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Determined to raise the mathematics skills of elementary school students, Vermont state education officials launched the Vermont Mathematics Initiative in 1999. Elementary teachers learn algebra, geometry, problem solving, and calculus so they can better understand and explain math to their students. Included: Lessons from the Vermont Mathematics Initiative

Algebra, trigonometry, and calculus are not topics often associated with elementary school teachers.

Vermont education officials, however, calculate that a professional development program in mathematics for elementary teachers will add up to better math comprehension for them and better math skills for their students.

Called the Vermont Math Initiative (VMI), teachers in the three-year program learn higher-level math in a way they can understand and then take that increased understanding to their classrooms. At the end of the program, teachers receive a master's degree in education with a specialty in K-6 mathematics education.

VMI's goal is to prepare 300 math teachers with advanced degrees by 2005; those teachers will then instruct other teachers and help shape mathematics instruction in their schools. Currently, 105 teachers from 76 schools are enrolled in the program, which began in 1999. Vermont has about 3,200 elementary school teachers in 350 K-5 or K-6 elementary schools.

"In traditional staff development, teachers learn how to teach math to kids -- not mathematics itself," says Dr. Kenneth Gross, director of the program and a professor of mathematics and education at the University of Vermont. To prepare to teach reading, teachers do not just read books at the level of their students, he notes. "My idea was to train teachers to think like mathematicians. This is not baby math. We are teaching college-level math in such a way that they can assimilate it and translate it to fit their own K-6 classes."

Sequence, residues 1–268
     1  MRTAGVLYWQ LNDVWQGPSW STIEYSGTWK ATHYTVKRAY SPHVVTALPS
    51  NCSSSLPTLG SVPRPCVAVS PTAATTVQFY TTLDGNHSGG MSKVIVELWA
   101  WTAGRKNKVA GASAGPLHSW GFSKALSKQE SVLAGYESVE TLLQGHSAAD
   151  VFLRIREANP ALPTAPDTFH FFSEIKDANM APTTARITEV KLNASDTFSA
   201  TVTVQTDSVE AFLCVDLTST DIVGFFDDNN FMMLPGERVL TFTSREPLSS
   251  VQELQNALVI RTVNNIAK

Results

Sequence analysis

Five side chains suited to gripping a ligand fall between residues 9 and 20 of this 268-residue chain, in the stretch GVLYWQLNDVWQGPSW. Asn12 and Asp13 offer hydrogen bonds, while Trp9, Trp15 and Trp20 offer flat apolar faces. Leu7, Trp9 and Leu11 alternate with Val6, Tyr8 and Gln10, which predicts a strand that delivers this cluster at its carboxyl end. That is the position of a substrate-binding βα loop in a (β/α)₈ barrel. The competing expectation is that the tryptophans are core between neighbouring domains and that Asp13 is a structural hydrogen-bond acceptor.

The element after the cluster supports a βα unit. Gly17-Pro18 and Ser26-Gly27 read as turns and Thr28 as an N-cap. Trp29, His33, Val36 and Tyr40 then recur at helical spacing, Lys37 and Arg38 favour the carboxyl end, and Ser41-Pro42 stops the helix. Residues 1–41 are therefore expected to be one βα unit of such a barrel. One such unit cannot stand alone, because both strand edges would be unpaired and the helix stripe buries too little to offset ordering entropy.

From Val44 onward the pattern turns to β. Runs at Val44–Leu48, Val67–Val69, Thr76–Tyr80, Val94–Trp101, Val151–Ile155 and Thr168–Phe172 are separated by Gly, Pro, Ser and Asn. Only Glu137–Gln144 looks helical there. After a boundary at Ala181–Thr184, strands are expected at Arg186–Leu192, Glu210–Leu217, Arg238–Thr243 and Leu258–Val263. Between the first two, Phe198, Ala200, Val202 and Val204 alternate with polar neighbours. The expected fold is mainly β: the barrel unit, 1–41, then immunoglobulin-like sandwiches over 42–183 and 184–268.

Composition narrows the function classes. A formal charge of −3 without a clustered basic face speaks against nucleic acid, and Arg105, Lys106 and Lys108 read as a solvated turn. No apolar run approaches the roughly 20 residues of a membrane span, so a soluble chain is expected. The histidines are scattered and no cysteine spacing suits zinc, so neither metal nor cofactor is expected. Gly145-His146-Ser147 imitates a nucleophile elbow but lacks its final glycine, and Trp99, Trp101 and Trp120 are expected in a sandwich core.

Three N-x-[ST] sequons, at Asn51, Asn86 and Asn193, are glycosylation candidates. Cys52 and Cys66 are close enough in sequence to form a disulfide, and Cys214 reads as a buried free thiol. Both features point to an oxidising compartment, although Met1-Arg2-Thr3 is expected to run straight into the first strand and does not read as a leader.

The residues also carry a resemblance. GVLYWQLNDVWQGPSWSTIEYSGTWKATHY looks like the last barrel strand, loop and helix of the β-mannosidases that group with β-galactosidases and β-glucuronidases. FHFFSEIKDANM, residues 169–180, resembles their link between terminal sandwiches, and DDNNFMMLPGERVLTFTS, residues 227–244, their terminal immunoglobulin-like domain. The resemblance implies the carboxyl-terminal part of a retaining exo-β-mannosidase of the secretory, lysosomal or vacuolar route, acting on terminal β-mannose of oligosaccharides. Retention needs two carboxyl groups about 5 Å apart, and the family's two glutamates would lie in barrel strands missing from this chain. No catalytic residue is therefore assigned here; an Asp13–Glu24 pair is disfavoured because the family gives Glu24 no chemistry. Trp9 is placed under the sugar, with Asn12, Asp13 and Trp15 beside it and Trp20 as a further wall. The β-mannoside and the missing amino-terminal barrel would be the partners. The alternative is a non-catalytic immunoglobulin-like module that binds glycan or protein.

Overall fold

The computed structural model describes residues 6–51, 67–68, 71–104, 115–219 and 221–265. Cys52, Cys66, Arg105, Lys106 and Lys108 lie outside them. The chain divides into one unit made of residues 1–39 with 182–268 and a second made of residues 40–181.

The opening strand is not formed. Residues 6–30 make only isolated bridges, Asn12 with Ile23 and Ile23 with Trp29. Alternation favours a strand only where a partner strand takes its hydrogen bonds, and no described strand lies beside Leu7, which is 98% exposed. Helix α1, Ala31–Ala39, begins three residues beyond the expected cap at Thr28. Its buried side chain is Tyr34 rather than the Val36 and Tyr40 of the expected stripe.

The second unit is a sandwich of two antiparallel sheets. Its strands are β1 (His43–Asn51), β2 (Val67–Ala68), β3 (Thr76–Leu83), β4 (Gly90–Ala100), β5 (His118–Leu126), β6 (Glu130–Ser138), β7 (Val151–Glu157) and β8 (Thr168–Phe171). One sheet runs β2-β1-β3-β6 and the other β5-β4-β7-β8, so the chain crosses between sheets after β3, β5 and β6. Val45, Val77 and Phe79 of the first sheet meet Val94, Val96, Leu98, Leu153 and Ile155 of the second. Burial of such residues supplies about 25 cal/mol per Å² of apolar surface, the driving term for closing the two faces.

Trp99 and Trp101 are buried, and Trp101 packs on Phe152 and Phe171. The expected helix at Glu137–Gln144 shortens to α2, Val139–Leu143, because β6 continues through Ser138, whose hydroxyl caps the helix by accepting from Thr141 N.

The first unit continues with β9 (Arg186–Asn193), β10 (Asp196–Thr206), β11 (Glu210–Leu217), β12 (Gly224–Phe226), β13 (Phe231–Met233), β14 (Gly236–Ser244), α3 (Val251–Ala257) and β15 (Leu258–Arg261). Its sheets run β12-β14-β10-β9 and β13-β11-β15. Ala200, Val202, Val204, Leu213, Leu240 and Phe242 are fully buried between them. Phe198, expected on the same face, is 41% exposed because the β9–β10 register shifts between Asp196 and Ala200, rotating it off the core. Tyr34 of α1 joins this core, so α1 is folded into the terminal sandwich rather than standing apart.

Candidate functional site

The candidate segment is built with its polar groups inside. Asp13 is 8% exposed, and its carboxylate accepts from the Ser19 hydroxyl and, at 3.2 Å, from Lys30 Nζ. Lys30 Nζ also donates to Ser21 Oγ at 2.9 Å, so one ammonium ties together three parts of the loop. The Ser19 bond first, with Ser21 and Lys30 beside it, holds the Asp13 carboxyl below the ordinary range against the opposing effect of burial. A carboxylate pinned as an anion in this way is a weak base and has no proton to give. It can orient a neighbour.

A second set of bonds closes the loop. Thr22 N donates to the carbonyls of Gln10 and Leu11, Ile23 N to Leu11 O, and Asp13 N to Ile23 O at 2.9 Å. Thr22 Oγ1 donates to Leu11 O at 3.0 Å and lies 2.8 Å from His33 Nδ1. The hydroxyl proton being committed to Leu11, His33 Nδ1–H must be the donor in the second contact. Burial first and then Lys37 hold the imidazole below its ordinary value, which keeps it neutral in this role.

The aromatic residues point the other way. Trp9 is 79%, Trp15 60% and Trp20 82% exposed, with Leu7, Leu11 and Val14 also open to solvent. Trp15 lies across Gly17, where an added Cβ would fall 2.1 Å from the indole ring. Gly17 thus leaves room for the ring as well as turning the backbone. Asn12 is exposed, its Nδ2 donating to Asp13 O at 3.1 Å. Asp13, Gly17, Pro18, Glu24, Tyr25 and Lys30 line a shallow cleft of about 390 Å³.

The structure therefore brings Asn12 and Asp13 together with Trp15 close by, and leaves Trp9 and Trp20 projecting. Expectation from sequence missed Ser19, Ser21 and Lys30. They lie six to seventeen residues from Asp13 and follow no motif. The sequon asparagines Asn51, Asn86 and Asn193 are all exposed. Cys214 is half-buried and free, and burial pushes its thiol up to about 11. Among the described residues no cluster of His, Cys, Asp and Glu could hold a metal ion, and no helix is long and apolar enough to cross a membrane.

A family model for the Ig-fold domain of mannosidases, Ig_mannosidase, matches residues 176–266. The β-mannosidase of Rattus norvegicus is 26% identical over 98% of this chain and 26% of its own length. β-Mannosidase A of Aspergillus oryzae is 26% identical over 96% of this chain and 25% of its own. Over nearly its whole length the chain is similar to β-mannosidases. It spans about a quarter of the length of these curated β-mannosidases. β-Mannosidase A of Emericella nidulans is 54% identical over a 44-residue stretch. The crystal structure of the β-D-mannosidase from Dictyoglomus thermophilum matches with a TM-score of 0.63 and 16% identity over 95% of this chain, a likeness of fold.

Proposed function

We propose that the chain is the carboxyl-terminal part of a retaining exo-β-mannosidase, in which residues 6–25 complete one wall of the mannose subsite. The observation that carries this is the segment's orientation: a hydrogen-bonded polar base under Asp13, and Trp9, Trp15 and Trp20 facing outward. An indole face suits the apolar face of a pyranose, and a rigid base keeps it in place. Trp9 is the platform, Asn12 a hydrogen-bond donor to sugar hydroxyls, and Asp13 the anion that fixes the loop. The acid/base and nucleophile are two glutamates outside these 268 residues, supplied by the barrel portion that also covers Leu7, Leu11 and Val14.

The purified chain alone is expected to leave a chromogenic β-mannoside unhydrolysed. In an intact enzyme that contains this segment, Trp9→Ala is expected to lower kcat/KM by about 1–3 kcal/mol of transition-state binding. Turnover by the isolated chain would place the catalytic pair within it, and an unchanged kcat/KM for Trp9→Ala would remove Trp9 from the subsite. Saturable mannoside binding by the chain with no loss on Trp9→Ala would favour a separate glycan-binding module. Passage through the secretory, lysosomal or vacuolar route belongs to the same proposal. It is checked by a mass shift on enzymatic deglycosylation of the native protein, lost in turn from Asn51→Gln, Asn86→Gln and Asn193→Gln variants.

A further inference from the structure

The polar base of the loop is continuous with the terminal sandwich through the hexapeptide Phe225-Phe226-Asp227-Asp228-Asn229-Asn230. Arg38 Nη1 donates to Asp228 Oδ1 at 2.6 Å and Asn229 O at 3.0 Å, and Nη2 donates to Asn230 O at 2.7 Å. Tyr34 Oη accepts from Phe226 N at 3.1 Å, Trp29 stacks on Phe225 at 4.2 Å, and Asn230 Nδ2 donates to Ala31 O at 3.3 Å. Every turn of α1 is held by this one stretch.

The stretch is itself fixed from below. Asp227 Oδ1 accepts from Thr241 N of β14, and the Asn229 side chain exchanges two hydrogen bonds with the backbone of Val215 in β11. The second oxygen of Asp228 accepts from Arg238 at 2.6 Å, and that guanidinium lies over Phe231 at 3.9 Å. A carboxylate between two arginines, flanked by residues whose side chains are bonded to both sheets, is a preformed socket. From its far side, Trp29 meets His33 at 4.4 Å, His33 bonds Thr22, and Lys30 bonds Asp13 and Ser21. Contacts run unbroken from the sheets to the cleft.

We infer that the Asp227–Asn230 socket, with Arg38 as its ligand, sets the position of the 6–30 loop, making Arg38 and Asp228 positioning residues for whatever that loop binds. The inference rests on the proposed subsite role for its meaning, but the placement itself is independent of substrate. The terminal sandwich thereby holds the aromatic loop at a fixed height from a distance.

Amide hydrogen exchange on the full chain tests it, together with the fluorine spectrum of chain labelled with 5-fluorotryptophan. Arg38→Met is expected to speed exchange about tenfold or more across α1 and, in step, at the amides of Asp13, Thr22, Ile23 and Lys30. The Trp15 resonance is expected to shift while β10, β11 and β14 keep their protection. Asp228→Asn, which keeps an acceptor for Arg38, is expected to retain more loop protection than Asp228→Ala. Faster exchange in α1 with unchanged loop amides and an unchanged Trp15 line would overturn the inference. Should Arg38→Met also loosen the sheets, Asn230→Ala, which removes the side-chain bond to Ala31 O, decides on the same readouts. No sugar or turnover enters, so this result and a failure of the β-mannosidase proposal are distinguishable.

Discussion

TEACHER, ADMINSTRATOR COMMITMENT

Teachers who are accepted into the program take four math courses a year at the University of Vermont, two during a two-week session in the summer and one each during three weekends in the fall and the spring. A mentor is assigned to each teacher in the program.

VMI instructors are from the University of Vermont and other colleges in the state. Office hours are held at different locations during the year so teachers can get help with homework and discuss with other teachers how they are integrating the math into their lessons.

School administrators are expected to support the VMI teachers. When teachers apply to the program, their principals have to sign the applications and submit statements outlining how they envision the training being applied in their schools. After the first year of the program, teachers and principals attend a three-day workshop on implementing VMI-based instruction.

Deborah Armitage, a mathematics consultant for the Vermont Department of Education and a former elementary school teacher, says the state sees enormous benefits from the program. "For the first time, teachers are seeing the why and the when of what they are doing," Armitage tells Education World. "They understand where the math is leading. They have crossed a line -- instead of just doing math, they are experiencing math and understanding math."

LEAVE THE CALCULATORS HOME

Gross, who also runs math programs for gifted high school students and adults who want to improve their math skills, began developing the program about five years ago, after staff from the Vermont Department of Education approached him with concerns about student math skills. The DOE officials realized that any curriculum changes were doomed to fail if teachers did not have a grasp of the material, Gross says. "If you don't understand the math, then all you are doing is teaching activities."

In setting up the program, Gross says, he had two primary criteria: to offer challenging material and to treat teachers as professionals. "Society undervalues teaching and education; teachers are overworked and underpaid and asked to teach everything and be psychologists. I wanted teachers in this program to be treated liked the CEOs of corporations." That meant holding the program in an attractive setting, providing accommodations, and providing lunch, he says.

The state's department of education, school districts, individual schools, and the Windham Foundation fund the VMI. The state pays half of each teacher's tuition for the program; the teacher's school and school district pay the other half. Tuition is $840 per course, which includes room and board.